I’ve become frustrated with what I’ll call the “forecasting” debate over social security. And my frustration has turned around into an additional argument against the PAYGO system.
It is now clear to me that the forecasting debate works by choosing your favored assumptions about growth, aging, immigration, etc., extrapolating into the future, and then arguing either that we are “headed for an iceberg” or that there is no iceberg, or at least there is no iceberg that can’t be evaded with marginal tinkering.
However, the fact remains that no one knows what the growth rate is going to be in ten years. No one can tell you whether there will be a huge jump in life expetancy due to technological innovation in 20 years. No one can tell you whether President Jeb Bush will usher in a new era of mass immigration. Maybe those fascistic millenials will have six kids per pair!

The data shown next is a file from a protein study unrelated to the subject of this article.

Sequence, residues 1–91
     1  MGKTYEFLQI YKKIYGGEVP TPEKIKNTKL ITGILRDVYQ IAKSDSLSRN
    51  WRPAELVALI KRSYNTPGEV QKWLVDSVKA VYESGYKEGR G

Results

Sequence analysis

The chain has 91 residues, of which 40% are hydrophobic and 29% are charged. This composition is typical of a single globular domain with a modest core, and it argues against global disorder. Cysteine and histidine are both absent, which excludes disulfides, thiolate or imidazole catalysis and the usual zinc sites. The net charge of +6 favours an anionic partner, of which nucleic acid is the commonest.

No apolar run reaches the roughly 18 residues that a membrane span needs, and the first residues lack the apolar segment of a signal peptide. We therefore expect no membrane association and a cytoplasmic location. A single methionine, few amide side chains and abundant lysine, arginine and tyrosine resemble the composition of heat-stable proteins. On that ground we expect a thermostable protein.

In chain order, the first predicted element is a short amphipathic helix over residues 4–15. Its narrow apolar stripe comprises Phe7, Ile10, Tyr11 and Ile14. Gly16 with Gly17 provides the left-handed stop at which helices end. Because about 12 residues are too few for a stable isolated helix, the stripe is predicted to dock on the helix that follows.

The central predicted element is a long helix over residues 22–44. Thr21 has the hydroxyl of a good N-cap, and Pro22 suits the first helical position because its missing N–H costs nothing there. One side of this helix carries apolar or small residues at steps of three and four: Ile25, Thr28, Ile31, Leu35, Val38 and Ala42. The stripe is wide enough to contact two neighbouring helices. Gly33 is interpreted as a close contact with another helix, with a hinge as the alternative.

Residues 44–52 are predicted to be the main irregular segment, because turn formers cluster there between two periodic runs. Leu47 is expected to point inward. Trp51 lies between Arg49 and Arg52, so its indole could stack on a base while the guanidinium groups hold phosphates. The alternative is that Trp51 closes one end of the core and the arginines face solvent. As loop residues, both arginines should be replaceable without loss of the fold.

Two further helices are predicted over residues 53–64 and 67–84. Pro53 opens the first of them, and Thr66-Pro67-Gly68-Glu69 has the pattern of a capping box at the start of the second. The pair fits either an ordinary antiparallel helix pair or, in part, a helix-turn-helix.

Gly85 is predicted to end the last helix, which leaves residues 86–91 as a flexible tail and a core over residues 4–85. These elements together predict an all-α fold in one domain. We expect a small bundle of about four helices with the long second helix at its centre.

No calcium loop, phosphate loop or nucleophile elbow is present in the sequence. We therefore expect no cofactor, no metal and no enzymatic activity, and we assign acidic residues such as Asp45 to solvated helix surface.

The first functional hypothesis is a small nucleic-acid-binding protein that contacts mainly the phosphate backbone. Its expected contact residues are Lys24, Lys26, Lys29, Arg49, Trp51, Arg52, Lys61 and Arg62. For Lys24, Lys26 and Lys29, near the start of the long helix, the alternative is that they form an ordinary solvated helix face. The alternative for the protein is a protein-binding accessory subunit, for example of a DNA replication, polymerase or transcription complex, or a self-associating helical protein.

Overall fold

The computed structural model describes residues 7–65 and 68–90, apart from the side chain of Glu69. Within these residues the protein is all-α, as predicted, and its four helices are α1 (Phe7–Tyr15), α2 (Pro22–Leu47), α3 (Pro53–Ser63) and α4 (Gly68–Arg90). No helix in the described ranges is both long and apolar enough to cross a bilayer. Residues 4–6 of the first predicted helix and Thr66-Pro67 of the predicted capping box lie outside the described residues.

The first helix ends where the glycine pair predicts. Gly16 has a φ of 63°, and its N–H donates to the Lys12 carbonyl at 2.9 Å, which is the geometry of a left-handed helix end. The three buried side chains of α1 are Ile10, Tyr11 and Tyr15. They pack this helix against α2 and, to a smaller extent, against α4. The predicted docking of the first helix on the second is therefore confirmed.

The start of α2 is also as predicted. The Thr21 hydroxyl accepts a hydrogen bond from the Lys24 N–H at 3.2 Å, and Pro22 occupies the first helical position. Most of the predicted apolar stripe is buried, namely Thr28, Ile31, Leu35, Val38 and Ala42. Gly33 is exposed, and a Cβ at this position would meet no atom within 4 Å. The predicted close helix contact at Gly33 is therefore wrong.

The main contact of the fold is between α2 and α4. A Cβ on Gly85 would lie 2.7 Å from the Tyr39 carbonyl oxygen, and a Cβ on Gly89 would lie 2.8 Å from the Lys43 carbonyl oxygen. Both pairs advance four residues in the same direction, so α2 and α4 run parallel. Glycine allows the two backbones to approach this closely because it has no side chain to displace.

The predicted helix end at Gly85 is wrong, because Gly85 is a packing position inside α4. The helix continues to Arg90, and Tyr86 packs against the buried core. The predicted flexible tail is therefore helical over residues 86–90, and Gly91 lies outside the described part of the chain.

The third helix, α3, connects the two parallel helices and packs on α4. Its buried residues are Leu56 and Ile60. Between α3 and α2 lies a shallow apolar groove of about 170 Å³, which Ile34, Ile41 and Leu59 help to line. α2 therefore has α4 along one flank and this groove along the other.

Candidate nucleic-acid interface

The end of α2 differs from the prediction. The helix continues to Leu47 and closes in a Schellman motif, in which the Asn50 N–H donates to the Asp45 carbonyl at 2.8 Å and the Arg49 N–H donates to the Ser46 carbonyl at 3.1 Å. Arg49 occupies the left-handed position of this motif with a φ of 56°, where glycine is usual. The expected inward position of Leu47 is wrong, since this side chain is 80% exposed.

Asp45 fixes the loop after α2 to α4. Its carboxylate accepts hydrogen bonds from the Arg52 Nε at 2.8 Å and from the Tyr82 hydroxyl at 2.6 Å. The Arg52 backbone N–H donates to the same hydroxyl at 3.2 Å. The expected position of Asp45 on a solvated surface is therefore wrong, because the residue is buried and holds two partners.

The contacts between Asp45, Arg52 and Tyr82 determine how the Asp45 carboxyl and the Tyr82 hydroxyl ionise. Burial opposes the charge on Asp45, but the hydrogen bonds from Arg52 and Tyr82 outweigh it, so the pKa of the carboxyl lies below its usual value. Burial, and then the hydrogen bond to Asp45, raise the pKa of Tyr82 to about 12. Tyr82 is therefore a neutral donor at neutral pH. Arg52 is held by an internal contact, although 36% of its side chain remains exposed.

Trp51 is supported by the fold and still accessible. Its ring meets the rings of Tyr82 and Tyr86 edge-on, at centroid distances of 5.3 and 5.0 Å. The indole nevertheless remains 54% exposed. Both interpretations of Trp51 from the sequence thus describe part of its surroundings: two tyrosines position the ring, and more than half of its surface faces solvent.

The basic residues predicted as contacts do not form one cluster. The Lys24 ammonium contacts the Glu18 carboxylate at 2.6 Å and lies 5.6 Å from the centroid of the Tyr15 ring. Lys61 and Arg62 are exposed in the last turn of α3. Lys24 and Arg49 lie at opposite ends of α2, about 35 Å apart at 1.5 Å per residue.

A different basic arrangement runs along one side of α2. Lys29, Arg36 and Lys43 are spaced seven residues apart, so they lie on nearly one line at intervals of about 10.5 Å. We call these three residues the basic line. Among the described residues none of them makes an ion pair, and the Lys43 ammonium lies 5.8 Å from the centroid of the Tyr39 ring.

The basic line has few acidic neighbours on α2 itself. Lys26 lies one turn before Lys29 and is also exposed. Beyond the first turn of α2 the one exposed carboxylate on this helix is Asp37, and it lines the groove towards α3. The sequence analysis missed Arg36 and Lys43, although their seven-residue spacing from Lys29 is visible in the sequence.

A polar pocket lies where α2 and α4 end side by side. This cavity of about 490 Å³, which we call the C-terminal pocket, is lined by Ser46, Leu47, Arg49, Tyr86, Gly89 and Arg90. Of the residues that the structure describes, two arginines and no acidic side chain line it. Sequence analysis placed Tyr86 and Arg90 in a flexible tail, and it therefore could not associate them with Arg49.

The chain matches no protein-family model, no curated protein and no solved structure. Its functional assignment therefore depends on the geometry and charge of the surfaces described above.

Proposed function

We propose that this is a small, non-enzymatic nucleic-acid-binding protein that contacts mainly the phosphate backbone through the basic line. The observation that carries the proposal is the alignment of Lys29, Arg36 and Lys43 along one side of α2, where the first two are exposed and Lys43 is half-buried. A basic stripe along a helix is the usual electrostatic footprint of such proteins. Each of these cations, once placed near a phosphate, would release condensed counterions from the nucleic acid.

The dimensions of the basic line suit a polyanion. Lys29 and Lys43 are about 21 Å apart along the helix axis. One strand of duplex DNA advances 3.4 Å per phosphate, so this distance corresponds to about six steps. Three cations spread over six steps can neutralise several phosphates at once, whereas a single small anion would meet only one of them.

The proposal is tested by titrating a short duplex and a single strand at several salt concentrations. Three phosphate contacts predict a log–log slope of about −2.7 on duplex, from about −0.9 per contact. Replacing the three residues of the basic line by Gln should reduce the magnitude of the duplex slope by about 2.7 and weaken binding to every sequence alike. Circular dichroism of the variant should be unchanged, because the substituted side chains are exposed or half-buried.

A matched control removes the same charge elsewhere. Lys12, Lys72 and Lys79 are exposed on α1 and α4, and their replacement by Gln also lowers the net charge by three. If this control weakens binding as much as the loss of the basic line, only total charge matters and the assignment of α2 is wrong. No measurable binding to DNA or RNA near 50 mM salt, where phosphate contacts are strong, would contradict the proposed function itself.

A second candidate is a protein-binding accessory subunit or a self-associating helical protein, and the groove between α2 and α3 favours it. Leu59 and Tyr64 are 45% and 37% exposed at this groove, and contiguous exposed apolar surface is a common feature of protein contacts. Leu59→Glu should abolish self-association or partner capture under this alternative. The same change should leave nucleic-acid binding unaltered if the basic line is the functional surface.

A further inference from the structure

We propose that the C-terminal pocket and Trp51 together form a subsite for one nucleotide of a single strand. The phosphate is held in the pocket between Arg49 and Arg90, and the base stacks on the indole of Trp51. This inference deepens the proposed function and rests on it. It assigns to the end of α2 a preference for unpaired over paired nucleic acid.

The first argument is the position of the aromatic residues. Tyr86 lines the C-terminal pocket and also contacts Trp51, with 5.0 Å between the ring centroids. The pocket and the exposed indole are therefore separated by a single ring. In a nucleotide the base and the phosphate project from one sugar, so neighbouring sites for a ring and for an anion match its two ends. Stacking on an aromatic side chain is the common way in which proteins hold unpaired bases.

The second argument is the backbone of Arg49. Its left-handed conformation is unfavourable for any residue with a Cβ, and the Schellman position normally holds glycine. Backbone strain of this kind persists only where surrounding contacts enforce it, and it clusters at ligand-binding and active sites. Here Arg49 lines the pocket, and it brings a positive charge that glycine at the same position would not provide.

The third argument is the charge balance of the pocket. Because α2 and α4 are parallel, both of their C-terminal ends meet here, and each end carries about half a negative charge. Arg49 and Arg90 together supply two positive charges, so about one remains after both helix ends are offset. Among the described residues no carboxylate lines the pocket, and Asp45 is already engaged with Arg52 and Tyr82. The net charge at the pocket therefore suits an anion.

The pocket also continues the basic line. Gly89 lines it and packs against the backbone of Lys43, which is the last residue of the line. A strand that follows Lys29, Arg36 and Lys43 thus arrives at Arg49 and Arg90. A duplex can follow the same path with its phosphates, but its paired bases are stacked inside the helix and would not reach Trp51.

Whatever the case may be, whether or not social security-as-we-know-it is sustainable depends on a lot of what we don’t know and can’t know. We can and should try to see what the future will look like if certain trends continue, given various different assumptions. Yet, we don’t know how to assign probabilities to the assumptions or to the possible futures. It is likely that some unpredictable exogenous factor will render any such assignment moot.
But frustrations about the futility of the forecasting debate point to a deep flaw in the design of social security: the system is fragile. Brittle, even. The fact that the projected sustainability of social security is so sensitive to fairly small changes in growth rates, demographic change, unemployment rates and is a sure sign that it is extremely poorly designed policy.
Advocates of status quo-ish approaches are stuck arguing that the future’s going to thread the needle of conditions under which the system is viable. Now, I don’t know, and neither do they, whether their favored forecast will become reality. But it remains that a well-designed institution should be robust under a broad range of future conditions. Our PAYGO system just isn’t. Small differences in the rate of growth, rate of increase of life expectancy, and so on, shouldn’t make or break the system. Of course, there is no system that can reliably withstand dramatic changes in any variable. But we should at least aim for a system that is fairly adaptive and robust against moderate changes in growth, population, employement, and aging.